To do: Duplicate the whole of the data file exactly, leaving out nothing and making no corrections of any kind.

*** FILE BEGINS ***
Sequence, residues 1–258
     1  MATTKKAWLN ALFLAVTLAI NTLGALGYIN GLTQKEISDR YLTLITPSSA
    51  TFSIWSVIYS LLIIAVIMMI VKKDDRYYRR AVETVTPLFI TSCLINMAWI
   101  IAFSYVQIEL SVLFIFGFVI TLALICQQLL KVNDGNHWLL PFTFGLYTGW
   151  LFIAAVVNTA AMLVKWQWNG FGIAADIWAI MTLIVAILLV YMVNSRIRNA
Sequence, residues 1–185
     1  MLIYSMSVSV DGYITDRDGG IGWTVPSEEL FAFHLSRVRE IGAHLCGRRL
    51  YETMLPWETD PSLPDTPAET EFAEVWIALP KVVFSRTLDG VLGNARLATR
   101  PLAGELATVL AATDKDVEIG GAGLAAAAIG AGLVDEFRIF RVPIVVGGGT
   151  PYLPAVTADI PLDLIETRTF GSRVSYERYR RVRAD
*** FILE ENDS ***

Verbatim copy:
Sequence, residues 1–258
     1  MATTKKAWLN ALFLAVTLAI NTLGALGYIN GLTQKEISDR YLTLITPSSA
    51  TFSIWSVIYS LLIIAVIMMI VKKDDRYYRR AVETVTPLFI TSCLINMAWI
   101  IAFSYVQIEL SVLFIFGFVI TLALICQQLL KVNDGNHWLL PFTFGLYTGW
   151  LFIAAVVNTA AMLVKWQWNG FGIAADIWAI MTLIVAILLV YMVNSRIRNA
Sequence, residues 1–185
     1  MLIYSMSVSV DGYITDRDGG IGWTVPSEEL FAFHLSRVRE IGAHLCGRRL
    51  YETMLPWETD PSLPDTPAET EFAEVWIALP KVVFSRTLDG VLGNARLATR
   101  PLAGELATVL AATDKDVEIG GAGLAAAAIG AGLVDEFRIF RVPIVVGGGT
   151  PYLPAVTADI PLDLIETRTF GSRVSYERYR RVRAD